Many computer repair technicians fall into the same boat: they run a small business from their home office and primarily provide onsite service. When I used to be the sole person servicing customers, life was easy and a single phone number without any fancy features was more than ample.
However, adding workers behind your name and expanding a mobile workforce can be difficult without some sort of centralized phone system to handle call routing. The question remained: how do I take advantage of features that only in-house complex phone systems generally provide? I had a shoestring budget, didn’t want to install any complex hardware, and I had a soft-spot for cloud software. To my surprise, Google Voice saved the day.
It has been about two years since I founded the computer repair company FireLogic, and now manage a team of 5 people which includes a mixture of part-time and full-time workers. My customers are oblivious to what runs our advanced phone system. Little do they know that a totally free piece of cloud software is what connects them to our cell phones on a dime. If you’re on the prowl for a highly-customizable, free virtual phone system, Google Voice may be your answer.
Here’s how my company FireLogic leverages the power of Google Voice:
Pre-planned phone ring schedules
One of the most powerful features that Voice offers mobile computer repair companies is ring schedules for the phones of all your workers. Mind you, this is even useful for a sole tech that doesn’t wish to be bugged with client calls at 1am in the morning. The setup for Voice in this regard is very simple: merely add in all of your techs’ phone numbers that should accept calls from the company number, and then set a custom schedule for each tech depending on when he is supposed to be “on call.”
It works tremendously well and gives you the power to route calls like a traditional company in a non-traditional way. Customers don’t know the different as they believe they are hitting the main company line each time they call, and your techs can be out in the field making money instead of sitting around a stagnant office. A win-win for both sides of the equation.
Unlimited texting to & from client cell phones
If there is one thing customers consistently compliment me on, it is that I am one of the only companies in my area to offer texting to customers. Why is this such a big deal? Think about how our client base is rapidly changing: even soccer moms are texting day in and day out.
Why shouldn’t computer repair companies be forced to keep up with the trends? I think it’s a natural evolution of how we do business, and the post-2010 era has introduced a clear need for offering customers the ability to text in requests. A traditional phone system cannot match this feature in comparison to Google Voice. While I choose not to do so, you can even have all of your techs receiving and sending texts from clients. There is no lack of liability in terms of historical records, as Voice stores all text message history indefinitely in your account.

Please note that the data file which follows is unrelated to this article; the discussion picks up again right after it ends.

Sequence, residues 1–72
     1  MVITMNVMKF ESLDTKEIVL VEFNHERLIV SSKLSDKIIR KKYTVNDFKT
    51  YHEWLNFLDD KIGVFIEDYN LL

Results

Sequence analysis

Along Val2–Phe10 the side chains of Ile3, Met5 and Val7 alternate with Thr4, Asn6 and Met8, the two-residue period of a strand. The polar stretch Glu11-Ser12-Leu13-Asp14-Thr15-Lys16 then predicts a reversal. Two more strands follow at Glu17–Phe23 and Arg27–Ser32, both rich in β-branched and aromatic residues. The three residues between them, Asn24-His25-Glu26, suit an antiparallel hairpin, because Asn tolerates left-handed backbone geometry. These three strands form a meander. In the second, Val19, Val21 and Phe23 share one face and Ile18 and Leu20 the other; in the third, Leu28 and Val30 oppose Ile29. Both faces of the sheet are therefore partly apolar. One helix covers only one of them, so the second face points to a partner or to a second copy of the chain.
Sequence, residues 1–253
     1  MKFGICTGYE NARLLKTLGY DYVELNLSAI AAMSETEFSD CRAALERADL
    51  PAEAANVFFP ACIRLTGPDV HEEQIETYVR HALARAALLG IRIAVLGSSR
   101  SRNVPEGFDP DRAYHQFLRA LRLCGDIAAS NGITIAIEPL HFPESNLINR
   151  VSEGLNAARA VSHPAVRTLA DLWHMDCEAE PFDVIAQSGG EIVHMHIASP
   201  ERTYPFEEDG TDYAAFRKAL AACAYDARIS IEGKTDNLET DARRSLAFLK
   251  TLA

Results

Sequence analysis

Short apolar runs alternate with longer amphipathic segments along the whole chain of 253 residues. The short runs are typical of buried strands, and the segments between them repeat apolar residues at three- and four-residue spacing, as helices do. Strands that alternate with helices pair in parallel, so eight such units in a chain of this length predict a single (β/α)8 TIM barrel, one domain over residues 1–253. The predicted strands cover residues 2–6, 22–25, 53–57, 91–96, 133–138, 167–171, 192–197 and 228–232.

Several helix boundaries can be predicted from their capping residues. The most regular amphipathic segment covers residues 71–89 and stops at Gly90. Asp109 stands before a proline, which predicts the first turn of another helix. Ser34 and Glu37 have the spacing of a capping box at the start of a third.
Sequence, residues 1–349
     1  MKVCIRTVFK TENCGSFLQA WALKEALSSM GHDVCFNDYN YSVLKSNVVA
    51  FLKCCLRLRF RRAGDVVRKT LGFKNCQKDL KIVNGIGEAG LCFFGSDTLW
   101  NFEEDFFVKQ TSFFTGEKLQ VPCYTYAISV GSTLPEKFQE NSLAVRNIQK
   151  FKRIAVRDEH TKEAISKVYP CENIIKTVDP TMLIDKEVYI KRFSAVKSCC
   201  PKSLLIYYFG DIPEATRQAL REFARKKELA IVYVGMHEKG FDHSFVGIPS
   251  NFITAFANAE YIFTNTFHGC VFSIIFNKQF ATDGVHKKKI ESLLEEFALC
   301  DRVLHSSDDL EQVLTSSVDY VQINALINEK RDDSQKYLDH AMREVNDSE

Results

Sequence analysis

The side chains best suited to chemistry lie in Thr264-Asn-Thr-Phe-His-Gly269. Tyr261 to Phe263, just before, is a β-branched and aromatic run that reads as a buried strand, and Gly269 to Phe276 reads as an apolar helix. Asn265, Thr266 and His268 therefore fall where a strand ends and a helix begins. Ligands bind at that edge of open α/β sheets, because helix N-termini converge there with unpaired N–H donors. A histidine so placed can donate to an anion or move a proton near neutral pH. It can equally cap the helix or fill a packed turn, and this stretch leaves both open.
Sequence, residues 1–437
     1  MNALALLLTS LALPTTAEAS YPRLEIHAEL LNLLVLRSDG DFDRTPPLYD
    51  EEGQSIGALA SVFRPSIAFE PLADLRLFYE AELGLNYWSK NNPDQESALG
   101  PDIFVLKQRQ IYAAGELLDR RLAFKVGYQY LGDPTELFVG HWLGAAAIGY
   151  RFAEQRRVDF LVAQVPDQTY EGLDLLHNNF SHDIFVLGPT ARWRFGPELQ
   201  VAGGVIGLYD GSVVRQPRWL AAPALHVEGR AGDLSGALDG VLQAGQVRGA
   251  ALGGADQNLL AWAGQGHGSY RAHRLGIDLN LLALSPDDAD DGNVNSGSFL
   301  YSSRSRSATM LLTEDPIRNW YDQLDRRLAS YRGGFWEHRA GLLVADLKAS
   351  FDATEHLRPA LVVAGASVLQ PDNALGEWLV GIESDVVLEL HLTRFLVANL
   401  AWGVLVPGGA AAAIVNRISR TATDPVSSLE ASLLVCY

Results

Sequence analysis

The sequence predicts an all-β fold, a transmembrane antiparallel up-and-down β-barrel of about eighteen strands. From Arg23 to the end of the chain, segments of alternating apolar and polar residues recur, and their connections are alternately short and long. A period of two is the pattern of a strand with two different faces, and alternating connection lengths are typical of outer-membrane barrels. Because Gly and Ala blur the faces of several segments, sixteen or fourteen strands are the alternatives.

Contact grouping for call management & routing
Have you ever wanted existing clients to get a different voicemail message from the long, drawn out one your new callers may hear? Google Voice proudly offers this functionality along with a bevy of other options related to contact grouping.
Calling Groups are extremely powerful in Voice as a way to create distinctive routing rules, separate voicemail messages, and also control if particular groups need to have their calls screened before they are answered. This may be useful if, perhaps, you want to tell Voice to allow all known current customers directly through to techs’ phones but new “unknown” callers have to get screened by announcing their name first before the call is answered. It’s a useful way to keep out abusive users that try to hide behind masked telephone numbers.
Voicemails-as-text in your inbox & indefinite historical records
How do we check messages on a traditional phone system? We either have to call in to a mailbox and listen to the message, trying to copy down the details as the user spits them out. Google Voice solved this problem and offers a multitude of options for how you can receive voicemail messages. One of the most useful features of how Voice handles voicemail is by sending you transcriptions over email as well as keeping these messages stored indefinitely inside the online interface.
The emails contain an embedded version of the voicemail which can be played back on the fly, downloaded as an MP3, or forwarded to anyone of your choosing. The online interface offers similar functionality with expanded options on archiving messages, adding notes to voicemails, and also editing the transcriptions manually to correct mistakes.
The golden question everyone always asks me: how much does it cost? Whether or not it will stay this way is anyone’s guess, but for the foreseeable future Google Voice is completely free. There is no restriction on businesses using the system and Google actually encourages it openly. And the features I discussed are merely the ones I employ for my needs; there are dozens of other neat things you can do in Voice such as making calls right on your headset within Gmail, easily searching through your entire call/text/voicemail history through the web interface, and even call blocking former clients or vendors.
My company has greatly benefited from Google Voice, and I think your computer repair business could utilize the service in just as useful of a manner. Feel free to give it a try through either your personal or Apps-powered Google account today. If you currently employ Voice, let us know in the comments area below how it fits your business needs (or doesn’t).